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From The CriticsReviewer: Christopher J Graver, PhD, ABPP-CN(Madigan Healthcare System)
Description: Cardiovascular disease affects millions of people in a variety of ways, and not always limited to the heart. This book takes a broader look at the sequelae of cardiovascular disease with a particular focus on brain changes and neuropsychological effects.
Purpose: The two main purposes are to provide a foundation for understanding cardiovascular disease and to present a review of the literature regarding neuropsychological functioning and heart disease in individuals with chronic cardiovascular disease.
Audience: This book is intended for neuropsychologists, clinical psychologists, psychiatrists, and neurologists, as well as students of these disciplines. It is written at an accessible level for clinicians and students.
Features: An introduction to cardiovascular disease is followed by conditions that frequently are comorbid, such as diabetes type 2. Next is an excellent review of the clinical, historical, and neuropsychological features of vascular dementia. There is good coverage of basic cardiac function, as well as cardiac rehabilitation. Although an important topic, the chapter on cardiovascular disease and depression seems out of place. Much of the information it presents on assessment is generic to any good neuropsychological evaluation, but there is a list of clinical considerations in vascular dementia that is helpful for structuring an interview and records review. The next few chapters provide information on various manifestations of heart disease and the associated neurological and neuropsychological outcomes. These are solid and concise reviews that on their own make the book worthwhile, covering more advanced topics such as systemic vascular function and cerebral hemodynamics. This is further extended with a discussion of autonomic nervous system dysfunction. The book wraps up with a brief review of neuroimaging and provides a few MRI examples, but this could have been much more robust given the topic and heterogeneity in presentation. The references are current and abundant with a strong scientific foundation.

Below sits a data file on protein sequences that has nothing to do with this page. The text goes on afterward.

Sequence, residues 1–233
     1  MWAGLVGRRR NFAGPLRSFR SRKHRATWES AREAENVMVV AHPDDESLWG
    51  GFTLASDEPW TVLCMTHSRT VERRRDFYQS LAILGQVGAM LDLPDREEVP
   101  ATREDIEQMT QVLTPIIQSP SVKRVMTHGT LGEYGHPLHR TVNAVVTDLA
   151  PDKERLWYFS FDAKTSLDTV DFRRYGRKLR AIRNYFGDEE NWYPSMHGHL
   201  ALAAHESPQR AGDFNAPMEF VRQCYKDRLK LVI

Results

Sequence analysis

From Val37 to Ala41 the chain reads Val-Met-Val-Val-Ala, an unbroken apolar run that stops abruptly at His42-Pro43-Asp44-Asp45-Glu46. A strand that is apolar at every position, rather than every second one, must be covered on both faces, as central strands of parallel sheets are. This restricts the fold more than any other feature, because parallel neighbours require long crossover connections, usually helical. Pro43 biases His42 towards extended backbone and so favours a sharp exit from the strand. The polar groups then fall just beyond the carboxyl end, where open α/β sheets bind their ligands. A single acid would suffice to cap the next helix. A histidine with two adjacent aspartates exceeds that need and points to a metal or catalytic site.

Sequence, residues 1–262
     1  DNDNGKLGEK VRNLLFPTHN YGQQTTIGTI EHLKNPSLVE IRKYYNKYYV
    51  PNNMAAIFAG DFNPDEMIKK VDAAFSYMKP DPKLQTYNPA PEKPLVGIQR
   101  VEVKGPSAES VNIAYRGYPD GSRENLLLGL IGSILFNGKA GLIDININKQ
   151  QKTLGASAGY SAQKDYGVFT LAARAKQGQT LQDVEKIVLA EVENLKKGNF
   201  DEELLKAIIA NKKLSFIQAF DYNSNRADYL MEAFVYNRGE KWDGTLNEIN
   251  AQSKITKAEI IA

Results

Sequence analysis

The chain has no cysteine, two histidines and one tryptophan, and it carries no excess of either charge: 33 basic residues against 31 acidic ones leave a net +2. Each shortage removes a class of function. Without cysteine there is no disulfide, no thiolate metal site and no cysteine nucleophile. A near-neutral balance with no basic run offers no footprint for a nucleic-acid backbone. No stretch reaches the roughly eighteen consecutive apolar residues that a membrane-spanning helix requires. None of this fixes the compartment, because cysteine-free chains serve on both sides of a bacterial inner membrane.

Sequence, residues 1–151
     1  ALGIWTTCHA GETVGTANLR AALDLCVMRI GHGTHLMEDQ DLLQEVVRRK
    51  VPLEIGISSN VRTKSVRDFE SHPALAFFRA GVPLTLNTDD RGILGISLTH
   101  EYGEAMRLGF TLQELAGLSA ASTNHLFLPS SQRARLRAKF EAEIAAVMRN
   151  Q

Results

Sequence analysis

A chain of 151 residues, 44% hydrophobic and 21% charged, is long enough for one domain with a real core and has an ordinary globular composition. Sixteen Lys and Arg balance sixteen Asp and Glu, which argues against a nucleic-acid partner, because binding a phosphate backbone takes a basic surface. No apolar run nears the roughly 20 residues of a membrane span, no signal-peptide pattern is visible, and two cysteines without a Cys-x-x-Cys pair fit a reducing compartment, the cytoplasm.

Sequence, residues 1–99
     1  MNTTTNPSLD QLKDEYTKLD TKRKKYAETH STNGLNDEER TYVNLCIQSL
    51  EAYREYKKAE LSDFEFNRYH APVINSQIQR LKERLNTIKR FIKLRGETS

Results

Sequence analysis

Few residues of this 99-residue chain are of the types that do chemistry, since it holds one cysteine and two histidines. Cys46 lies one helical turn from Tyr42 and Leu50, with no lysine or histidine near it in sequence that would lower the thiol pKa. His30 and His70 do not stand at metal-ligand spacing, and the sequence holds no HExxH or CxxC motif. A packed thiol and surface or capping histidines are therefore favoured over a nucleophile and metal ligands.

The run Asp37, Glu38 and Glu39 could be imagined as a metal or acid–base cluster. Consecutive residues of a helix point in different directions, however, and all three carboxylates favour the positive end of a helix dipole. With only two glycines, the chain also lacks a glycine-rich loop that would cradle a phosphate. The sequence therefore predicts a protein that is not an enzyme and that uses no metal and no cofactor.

Assessment: Readers would be hard pressed to find a more comprehensive review of cardiovascular disease and the neuropsychological sequelae. This book exceeds the goal of providing a useful reference for neuropsychologists or behavioral neurologists working with patients with vascular disorders. It should accompany any general neuropsychology book for its expert coverage of this critical area.